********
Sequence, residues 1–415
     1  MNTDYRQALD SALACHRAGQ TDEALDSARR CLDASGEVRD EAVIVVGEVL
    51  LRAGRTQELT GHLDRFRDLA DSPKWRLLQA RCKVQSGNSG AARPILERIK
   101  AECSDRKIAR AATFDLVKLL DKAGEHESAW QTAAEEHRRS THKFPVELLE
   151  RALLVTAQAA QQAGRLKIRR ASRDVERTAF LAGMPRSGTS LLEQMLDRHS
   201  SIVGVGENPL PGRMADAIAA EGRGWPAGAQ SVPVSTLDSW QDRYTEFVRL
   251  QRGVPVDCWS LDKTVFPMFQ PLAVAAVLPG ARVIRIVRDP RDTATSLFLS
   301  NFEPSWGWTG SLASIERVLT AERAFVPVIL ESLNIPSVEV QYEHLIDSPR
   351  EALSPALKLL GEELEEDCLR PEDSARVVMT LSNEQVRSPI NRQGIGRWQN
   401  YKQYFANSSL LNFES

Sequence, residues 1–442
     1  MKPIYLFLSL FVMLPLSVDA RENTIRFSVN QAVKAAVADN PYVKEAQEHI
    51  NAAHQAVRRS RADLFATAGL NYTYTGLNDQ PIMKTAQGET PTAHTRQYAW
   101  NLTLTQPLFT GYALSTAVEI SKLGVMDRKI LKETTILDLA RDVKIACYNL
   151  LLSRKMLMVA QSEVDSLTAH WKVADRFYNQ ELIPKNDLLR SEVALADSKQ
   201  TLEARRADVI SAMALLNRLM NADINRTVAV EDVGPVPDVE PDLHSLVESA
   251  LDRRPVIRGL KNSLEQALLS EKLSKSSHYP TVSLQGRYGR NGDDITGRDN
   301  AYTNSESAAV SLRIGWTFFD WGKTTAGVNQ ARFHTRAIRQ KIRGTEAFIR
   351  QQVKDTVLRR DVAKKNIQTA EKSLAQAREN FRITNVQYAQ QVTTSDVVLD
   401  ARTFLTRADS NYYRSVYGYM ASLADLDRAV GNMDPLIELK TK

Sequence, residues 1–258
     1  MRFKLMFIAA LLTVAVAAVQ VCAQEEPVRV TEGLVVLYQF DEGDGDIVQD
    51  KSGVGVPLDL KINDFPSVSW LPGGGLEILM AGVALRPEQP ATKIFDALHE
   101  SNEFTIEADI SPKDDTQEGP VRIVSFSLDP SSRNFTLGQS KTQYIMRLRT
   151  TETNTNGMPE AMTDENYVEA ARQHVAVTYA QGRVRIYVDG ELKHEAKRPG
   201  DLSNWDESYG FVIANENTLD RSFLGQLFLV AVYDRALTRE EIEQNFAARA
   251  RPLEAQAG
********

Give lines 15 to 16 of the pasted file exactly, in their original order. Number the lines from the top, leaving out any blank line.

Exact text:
   151  LLSRKMLMVA QSEVDSLTAH WKVADRFYNQ ELIPKNDLLR SEVALADSKQ
   201  TLEARRADVI SAMALLNRLM NADINRTVAV EDVGPVPDVE PDLHSLVESA